The sale of the park was not the sale of an investment contract because the seller, in offering the park for sale, did not lead the purchaser to expect that management arranged by the seller would provide the sole or the crucial efforts needed to produce profits. Park Associates has failed to allege or show that the seller had anything to do with the GPC management contract. From the pleadings and the affidavits it appears simply that Park Associates arranged this contract on its own. One can infer that the Van Ness management contract was part of a package offered to Park Associates. The contract was executed on the same day that the park was sold, and Van Ness was the only one of the seller's partners to sign the agreement of purchase and sale. The management responsibilities undertaken by Van Ness, however, were insufficient for the sale of the park to have been the sale of an investment contract. The leading case of SEC v. Howey, 328 U.S. 293, 66 S.Ct. 1100, 90 L.Ed. 1244 (1946), defined an investment contract as "a contract, transaction or scheme whereby a person invests his money in a common enterprise and is led to expect profits solely from the efforts of the promoter or a third party." Id. at 298-99, 66 S.Ct. at 1103, 90 L.Ed. at 1249. In cases dealing with pyramid sales schemes or referral sales agreements, we have modified this test to allow that the promoter or the third party need expend not the sole efforts, but only the crucial efforts, to produce profits. SEC v. Koscot Interplanetary, Inc., 497 F.2d 473 (CA5, 1974); Bell v. Health-Mor, Inc., 549 F.2d 342, 345 n.3 (CA5, 1977). We need not determine whether an investment contract consisting of managed property requires of the manager the sole efforts or only the crucial efforts needed to provide profits because the contract in this case meets neither requirement. Under the day-to-day management contract, Van Ness did not expend the sole efforts needed to produce income from the park. Further, although Van Ness undertook substantial responsibilities, it cannot be said that his efforts alone were the crucial efforts. The very existence of the GPC contract, which purportedly involved overall management, suggests that this is so, and an examination of each contract supports this conclusion. Van Ness's authority was limited: any expense item over $200 had to be approved by either Park Associates or GPC. GPC was responsible for the actual payment of expenses, taxes, and insurance, and for the procurement of licenses and permits. GPC also agreed to keep the park in good repair and to use its best efforts to lease all individual spaces available for lease. The tenor of its contract as a whole suggests that GPC undertook considerable management responsibilities, certainly enough so that it could not be said that Van Ness alone would provide the crucial efforts.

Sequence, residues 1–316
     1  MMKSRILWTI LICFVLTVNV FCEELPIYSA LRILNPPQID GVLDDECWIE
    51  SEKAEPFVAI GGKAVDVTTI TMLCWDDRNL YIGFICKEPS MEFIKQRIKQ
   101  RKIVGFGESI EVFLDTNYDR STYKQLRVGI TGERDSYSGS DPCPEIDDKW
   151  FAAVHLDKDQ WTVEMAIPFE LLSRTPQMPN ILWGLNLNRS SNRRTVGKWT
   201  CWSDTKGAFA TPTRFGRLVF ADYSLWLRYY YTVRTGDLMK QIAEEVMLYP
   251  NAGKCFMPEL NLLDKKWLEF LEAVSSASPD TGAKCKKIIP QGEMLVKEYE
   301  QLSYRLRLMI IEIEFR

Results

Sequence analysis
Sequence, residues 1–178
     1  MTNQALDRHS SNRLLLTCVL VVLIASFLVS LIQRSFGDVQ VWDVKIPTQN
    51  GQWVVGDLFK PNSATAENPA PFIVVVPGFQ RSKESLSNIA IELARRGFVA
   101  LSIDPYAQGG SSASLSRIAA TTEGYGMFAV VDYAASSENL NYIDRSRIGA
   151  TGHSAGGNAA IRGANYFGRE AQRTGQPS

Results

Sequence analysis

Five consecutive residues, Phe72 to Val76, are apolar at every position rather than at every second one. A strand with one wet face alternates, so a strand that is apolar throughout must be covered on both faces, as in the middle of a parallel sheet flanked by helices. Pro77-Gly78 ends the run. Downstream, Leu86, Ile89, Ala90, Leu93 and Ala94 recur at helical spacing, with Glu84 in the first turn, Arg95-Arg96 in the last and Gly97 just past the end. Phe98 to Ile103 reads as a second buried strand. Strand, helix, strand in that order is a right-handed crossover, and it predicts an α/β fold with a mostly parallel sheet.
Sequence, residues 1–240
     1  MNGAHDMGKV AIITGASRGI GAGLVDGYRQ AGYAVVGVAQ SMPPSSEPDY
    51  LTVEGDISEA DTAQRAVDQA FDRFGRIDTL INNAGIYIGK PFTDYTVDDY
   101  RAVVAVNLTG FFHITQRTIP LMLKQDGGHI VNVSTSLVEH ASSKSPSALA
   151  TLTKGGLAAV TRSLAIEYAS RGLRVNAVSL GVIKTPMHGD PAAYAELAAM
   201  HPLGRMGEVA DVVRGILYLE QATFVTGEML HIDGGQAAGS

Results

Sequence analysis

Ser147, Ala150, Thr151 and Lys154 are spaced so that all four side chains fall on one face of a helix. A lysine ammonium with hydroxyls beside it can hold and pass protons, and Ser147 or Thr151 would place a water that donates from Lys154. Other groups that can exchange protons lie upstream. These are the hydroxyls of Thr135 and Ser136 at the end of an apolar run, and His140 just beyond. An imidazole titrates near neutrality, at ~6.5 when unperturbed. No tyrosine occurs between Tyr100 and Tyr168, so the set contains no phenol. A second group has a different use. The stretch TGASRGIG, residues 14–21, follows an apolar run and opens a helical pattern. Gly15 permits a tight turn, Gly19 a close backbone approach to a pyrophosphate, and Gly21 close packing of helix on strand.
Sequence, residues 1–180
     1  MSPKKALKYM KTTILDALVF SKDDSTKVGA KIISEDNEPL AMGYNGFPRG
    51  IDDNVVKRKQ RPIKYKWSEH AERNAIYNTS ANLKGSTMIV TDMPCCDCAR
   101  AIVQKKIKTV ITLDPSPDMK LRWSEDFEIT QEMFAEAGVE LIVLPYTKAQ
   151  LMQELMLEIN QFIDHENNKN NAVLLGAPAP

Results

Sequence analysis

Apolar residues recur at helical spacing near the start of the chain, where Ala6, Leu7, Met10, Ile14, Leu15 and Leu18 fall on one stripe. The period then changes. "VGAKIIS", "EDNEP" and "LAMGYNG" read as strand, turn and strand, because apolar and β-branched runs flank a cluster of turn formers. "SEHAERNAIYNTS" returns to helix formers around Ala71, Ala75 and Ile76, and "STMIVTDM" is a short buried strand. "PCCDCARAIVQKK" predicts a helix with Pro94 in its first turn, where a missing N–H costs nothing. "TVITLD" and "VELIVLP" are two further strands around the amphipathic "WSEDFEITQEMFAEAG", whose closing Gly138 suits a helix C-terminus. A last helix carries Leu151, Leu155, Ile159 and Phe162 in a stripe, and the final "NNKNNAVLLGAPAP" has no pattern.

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Although there may be other reasons why the sale of the park was not the sale of an investment contract, it is sufficient to dispose of this case that the seller, in offering the park for sale, did not lead the purchaser to expect that management arranged by the seller would provide the sole or the crucial efforts needed to produce profits.


Attached to Park Associates' complaint were copies of the agreement between Park Associates and Commander's Palace for the purchase of the property, the day-to-day management contract between Park Associates and Van Ness, the overall management agreement between Park Associates and GPC, and the mortgage to GPC. A single reference in the mortgage suggests or hints that GPC may have held an option to purchase the property and transferred it to Park Associates. Park Associates, however, maintained in the district court simply that it purchased the property from Commander's Palace. On appeal Park Associates did not even name or treat GPC as a party to the appeal and asked no relief with respect to GPC, although the district court had entered a final judgment as to all parties. Thus we regard the seller to be Commander's Palace, as Park Associates throughout the case has maintained.


Accordingly, the district court's dismissal of the action for want of jurisdiction is AFFIRMED.